Is Your Computer a Zombie?


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Copyright © 2010-2014
Privacy Rights Clearinghouse
Posted September 7, 2010

Has your computer or smart phone become a resource to commit malicious acts against other persons and companies?  By taking advantage of a wide variety of computer vulnerabilities, your device may become a zombie that is under the control of a criminal that conducts crime using electronic devices (e-criminal).  Once an e-criminal has control, not only is your device being used to attack other systems, anything stored on, or typed into, that device is also compromised.

How Bots Work

Devices that are connected to networks such as personal computers, servers, and smart phones (PDAs) process information and connect to other devices through a wide variety of program code.  As computing devices and networks continue to evolve, vulnerabilities in this code create opportunities for criminals to install malicious software (malware). This causes the device to function abnormally. 

In the past the malware focused on causing harm to the device such as making it crash or capturing keystrokes for the purpose of gaining access to bank accounts or credit card information.  As e-criminals continue to evolve their destructive goals and increase damage to their targets, they realized the need for substantial computing resources and a way to avoid being detected.  To achieve both of these goals, malware was developed enabling e-criminals to take over network-attached devices; a very cost effective solution!

The process is fairly simple:

  • A consumer or company connects a device to the Internet.
  • e-Criminals use automated tools to scan the Internet for devices with vulnerabilities.
  • Vulnerable devices are identified and automated tools are used to download malware to those devices turning it into a bot (a device that is under the control of an e-criminal or their automated tools).
  • Bots are instructed to perform malicious acts, such as a distributed denial-of-service attack, phishing, click fraud, pay per click fraud, on the e-criminal’s targets.  Another popular use of bots is to send Spam mail such as those that target consumers to send money or account information to e-criminals disguising themselves as official business entities or persons in desperate need.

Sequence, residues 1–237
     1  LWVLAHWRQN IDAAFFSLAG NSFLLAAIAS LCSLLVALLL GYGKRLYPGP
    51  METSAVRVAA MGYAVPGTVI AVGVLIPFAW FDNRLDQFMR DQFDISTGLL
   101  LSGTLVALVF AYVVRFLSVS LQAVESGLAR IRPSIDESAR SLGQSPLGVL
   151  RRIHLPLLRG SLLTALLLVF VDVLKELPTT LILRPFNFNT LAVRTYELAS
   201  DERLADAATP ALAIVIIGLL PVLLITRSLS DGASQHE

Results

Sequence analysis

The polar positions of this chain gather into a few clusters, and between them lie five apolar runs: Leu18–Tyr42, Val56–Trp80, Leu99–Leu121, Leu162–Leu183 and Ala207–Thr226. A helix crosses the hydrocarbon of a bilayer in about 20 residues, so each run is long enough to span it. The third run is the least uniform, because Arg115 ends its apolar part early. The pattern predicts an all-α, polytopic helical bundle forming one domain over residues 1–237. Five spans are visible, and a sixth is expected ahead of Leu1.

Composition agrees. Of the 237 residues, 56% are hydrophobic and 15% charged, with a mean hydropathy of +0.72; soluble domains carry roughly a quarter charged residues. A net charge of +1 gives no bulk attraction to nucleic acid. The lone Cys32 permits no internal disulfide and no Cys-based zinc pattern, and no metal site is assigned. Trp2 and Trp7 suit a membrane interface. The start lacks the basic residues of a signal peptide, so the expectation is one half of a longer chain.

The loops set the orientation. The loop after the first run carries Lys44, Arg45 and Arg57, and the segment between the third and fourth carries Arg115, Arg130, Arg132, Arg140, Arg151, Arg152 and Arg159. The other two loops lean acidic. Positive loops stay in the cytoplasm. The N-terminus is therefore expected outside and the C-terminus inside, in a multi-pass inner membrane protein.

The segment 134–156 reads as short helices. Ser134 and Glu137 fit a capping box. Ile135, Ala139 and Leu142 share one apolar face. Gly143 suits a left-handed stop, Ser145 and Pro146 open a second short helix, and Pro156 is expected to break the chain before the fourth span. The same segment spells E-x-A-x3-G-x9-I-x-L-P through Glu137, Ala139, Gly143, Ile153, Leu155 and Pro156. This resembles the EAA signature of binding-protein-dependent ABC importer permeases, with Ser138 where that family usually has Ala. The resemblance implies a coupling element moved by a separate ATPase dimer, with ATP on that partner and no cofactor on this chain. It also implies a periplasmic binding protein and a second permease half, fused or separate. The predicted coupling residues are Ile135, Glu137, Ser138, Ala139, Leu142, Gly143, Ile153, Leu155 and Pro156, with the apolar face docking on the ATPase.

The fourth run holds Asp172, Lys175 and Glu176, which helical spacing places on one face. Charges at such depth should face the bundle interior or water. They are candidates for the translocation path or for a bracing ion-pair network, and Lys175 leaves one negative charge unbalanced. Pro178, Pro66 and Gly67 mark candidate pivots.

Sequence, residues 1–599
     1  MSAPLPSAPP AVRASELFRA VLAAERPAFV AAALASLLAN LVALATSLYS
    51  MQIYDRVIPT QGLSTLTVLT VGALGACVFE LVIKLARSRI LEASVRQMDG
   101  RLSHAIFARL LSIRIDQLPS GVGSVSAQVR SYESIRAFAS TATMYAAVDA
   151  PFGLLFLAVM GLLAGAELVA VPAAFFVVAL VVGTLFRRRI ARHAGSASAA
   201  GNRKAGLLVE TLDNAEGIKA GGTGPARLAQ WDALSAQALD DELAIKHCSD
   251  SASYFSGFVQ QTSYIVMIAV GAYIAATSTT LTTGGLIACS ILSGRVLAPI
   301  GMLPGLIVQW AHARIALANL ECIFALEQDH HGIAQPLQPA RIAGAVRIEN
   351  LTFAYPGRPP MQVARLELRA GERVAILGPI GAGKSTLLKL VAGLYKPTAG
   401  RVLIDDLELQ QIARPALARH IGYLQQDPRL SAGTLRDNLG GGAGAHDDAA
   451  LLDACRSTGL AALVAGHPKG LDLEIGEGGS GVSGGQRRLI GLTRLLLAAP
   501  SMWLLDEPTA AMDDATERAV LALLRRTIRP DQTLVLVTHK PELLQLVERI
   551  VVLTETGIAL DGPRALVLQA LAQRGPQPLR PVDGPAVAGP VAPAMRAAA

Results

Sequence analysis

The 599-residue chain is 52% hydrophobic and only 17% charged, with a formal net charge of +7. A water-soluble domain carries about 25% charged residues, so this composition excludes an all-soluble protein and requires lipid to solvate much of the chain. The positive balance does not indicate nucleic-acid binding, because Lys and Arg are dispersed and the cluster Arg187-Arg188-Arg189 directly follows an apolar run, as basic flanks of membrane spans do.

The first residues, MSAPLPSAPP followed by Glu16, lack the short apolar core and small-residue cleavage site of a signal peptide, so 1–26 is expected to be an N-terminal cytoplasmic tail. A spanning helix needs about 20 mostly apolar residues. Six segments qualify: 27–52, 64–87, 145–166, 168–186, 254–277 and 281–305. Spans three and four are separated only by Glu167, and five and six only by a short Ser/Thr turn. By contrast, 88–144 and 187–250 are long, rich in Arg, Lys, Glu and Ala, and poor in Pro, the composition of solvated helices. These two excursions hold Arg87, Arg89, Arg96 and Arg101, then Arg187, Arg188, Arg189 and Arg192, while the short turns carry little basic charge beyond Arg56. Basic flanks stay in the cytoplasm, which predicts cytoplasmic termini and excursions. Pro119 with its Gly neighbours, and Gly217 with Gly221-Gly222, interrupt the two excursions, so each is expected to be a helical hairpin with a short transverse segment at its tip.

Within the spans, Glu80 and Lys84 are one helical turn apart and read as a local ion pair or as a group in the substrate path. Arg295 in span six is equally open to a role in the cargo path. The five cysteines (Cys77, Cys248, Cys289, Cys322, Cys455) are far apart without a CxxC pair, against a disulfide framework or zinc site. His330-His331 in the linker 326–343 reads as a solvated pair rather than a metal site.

Each compromised computer is referred to as a “bot” which is an abbreviation for “robot”. Multiple bots connected to the Internet are referred to as a “botnet” (a network of robots).  Bots are also referred to as “zombies”.

Bot Prevention and Detection

Prevention

The best defense against malware is a reputable Internet security suite, not just virus detection, on all devices that will be used to connect to the Internet.  But having the software installed will do no good if it does not receive updates upon release and if devices are not scanned for malicious code at least once per week.  It is important to understand malware detection software can only protect against malicious code that has been identified and an antidote written for. This means that there is a brief period in which all devices are vulnerable and the only way to identify and eliminate malicious code is through a scan.  Malware detection and prevention software can be set to perform scans automatically or the user can manually instruct the product to perform a scan of the device. 

Some Internet security tips to keep in mind:

  • Scans are a key to keeping your equipment free of malicious code.
  • Keep all software updated.  Ensure that your computer is set to automatically download updates.
  • Before you connect to a network verify that your Internet security/virus detection software is running.
  • Thumb drives, CDs, DVDs can all contain malicious code that would create a weakness in the computer and allow it to become a bot – make sure you have credible virus detection software that automatically scans these media.

Detection

The most common symptoms of a device becoming a bot include:

  • The device running sluggish
  • Unusual activity at startup
  • Internet security or virus detection software disabled,
  • You get e-mails from auto responders that the recipient is not on line or on vacation, but you do not know the recipient
  • Number of tasks running on the computer exceeds what should be running, and
  • The device running at or near capacity. 

While these are symptoms of a device becoming a bot, each symptom may also be related to other device maintenance or operating problems. Proper diagnostics are required.

To help ensure proper detection of malware, and to minimize potential effects, make the following steps part of your Internet surfing routine:

  • Observe your device during the startup and shut down processes – become familiar with the messages that are displayed.
  • Install and properly use reputable malware detection software.
  • Take note if the device is constantly running – such as even when you are not interacting with the device.

Prevention is key. Once a device has become a bot, personal information may be compromised, the device may be damaged, and it may require an expert and investment to remove all access doors installed by the e-criminal.

by  Sharon K. O’Bryan for Privacy Rights Clearinghouse

Copyright © Privacy Rights Clearinghouse. This copyrighted document may be copied and distributed for nonprofit, educational purposes only. For distribution, see our copyright and reprint guidelines. The text of this document may not be altered without express authorization of the Privacy Rights Clearinghouse.


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